Unusual Harp Harmonic Notation

Posted In: Repertoire


  • Participant
    MusikFind1 on #219841

    A pre-publication scan of a modern engraving of a work composed in 1936.
    The notation shows what the composer wrote.
    Ideas on hand placement and fingering would be welcome.
    Please send opinions to proofer1@comcast.net

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    Participant
    Tacye on #219927

    Do you have any more indication of the character of the work, and specifically arpeggiation? How much else is going on in the orchestration so is pp a solo harp pp or matching the rest of the orchestra on their pp?


    Participant
    MusikFind1 on #219934

    Thanks for the reply.
    These are the ending measures of a three movement symphony. Strings, WW, Hns are marked pp.
    Fl. 1. Ob. 1, Vn. 1, Vn. 2, Va, are playing high pitched legato melody lines. The lower instruments are playing half note chords. Is it possible for the harp to play the chord and have the top note as a harmonic?
    Is there an example of this type of writing in other orchestra works?


    Participant
    Tacye on #219952

    Yes it is possible to play the top note as a harmonic and stick a finger or fingers out underneath to play natural notes, but I have never come across this outside solo works composed by harpists. It is an advanced technique, and those are high strings for harmonics.

    Personally, my starting point in bar 174 etc would be taking one more note into the left hand (probably both, if a slow arpeggiation is wanted). That won’t work in bar 179 and the stretch would be too big for my right hand. I would probably not make all the notes in the end and drop at least the RH natural pitch E which is at the same pitch as the LH harmonic E. Realistically, I would probably drop more notes, or revoice the chords depending on audibility.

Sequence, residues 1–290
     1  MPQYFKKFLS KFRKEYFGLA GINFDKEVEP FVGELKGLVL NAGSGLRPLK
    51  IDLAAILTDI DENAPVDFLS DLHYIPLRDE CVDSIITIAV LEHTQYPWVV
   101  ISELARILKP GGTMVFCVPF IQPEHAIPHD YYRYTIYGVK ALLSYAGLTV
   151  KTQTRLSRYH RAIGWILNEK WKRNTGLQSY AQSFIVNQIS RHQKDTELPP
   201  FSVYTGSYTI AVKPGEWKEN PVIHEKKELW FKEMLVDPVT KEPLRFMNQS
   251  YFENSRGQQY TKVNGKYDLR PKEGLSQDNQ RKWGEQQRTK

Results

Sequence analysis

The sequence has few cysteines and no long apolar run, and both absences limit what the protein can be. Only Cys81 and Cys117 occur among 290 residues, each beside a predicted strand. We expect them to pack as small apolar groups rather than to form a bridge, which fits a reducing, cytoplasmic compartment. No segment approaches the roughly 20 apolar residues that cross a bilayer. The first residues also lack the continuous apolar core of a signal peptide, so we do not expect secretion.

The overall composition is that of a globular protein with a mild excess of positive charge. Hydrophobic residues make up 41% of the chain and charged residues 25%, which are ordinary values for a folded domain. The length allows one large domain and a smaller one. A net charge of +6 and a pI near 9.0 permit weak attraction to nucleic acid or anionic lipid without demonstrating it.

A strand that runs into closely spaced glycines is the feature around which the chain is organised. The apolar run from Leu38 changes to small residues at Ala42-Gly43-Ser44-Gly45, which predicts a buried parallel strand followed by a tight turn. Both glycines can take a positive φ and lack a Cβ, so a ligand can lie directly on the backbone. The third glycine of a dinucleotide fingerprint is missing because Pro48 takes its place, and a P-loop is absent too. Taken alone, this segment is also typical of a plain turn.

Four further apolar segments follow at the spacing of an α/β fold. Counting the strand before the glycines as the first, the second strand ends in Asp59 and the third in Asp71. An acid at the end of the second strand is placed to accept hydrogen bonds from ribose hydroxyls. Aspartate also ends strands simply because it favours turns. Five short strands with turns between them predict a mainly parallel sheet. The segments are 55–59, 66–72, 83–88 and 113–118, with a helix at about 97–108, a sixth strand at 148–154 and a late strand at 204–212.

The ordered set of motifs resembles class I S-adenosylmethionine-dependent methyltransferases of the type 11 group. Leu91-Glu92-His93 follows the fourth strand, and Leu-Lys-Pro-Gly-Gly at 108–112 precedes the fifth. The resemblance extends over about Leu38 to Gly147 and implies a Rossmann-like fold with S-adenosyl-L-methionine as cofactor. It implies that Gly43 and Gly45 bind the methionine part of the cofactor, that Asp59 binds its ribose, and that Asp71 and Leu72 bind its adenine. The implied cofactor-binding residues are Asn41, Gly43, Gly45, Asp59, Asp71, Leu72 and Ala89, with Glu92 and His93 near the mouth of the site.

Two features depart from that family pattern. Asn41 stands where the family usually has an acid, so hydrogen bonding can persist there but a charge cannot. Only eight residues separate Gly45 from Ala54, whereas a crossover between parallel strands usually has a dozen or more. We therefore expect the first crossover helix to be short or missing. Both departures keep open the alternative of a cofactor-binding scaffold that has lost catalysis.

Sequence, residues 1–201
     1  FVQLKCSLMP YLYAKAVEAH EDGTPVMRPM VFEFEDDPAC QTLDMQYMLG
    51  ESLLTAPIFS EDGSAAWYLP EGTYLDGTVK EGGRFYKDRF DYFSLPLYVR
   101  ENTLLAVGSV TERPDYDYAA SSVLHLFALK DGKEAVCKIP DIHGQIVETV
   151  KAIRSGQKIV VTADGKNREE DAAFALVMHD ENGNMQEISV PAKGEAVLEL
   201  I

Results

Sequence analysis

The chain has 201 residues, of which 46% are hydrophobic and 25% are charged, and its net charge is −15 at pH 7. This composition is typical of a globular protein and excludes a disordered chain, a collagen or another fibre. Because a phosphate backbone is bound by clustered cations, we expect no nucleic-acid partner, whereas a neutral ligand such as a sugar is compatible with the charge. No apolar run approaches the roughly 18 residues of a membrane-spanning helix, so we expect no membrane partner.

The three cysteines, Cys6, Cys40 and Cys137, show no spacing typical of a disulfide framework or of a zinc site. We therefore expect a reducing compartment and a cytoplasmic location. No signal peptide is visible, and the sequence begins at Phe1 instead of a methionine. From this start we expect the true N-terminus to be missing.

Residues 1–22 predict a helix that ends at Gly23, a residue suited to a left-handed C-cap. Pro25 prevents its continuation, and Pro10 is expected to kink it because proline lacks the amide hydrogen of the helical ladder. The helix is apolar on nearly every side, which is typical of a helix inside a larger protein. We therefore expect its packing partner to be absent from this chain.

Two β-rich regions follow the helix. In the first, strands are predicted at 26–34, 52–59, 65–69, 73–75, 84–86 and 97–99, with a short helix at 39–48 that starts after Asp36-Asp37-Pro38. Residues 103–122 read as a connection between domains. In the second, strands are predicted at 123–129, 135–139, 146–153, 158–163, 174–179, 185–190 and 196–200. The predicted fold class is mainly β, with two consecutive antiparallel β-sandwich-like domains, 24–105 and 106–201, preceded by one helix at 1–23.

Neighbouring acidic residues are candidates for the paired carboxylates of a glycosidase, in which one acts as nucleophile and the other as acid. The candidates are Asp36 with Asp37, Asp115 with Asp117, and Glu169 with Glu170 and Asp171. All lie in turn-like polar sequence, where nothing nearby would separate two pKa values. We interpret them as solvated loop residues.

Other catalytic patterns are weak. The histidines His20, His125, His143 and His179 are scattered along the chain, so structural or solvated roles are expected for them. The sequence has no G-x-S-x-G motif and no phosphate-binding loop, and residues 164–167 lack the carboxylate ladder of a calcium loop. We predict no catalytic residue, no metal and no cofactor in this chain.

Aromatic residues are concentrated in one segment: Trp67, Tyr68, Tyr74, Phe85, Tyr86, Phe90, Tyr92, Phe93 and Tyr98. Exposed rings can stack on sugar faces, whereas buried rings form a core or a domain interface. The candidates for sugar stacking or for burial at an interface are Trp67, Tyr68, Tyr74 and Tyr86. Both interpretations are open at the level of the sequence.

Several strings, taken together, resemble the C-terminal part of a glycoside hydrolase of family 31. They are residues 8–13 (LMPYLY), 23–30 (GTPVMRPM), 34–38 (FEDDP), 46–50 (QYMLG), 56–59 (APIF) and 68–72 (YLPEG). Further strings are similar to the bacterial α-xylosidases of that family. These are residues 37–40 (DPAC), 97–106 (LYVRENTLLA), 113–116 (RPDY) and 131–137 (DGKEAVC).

The other option I can theoretically see for the last two chords would be to use the second harmonic on the F(b) string, instead of the 1st on the C, but I think I have only once used a 2nd harmonic in performance and would not be confident about getting it to sound, and there is a risk of audibly playing the Fb which is not in the chord.


    Participant
    Elizabeth Volpé Bligh on #220162

    This would not work well as written. The left hand is busy with a different chord, and the right hand cannot play multiple harmonics. As Tacye suggests, the left hand, if big enough, could play the bottom note of the right hand chord. But those harmonics are on strings which are too short to make good harmonics. Another solution would be to play those harmonics as single natural notes an octave higher, and take as many notes as you can in the left hand. What piece is this? Has anyone ever played it?


    Participant
    carl-swanson on #220165

    I suspect that this composer read about Salzedo’s method of writing harmonics where they sound, and not where you play them. If that’s the case, then you would roll the chord and the left hand would quickly replay the note an octave lower than the harmonic note, as a harmonic. If that is the intended way of playing the chords that end in a harmonic note, then I think I would play the lowest note in the chord with the left hand, the next three with the right hand, and the harmonic(an octave lower than written) with the left hand.


    Participant
    Saul Davis Zlatkovski on #220727

    It is obviously impossible to play those harmonics except on the string indicated, as you have just played the c an octave below in the chord. However, for good writing, the chord tones need to be moved to the left hand so the right hand only plays the harmonics. That said, the harmonics are too high to be played well. This composer had no idea how to write for the harp. I think the busy harpist would simply play the notes as written and ignore all the wishful harmonic notations. One has to see the full score to see what doubling there is and how to adjust the part in context.

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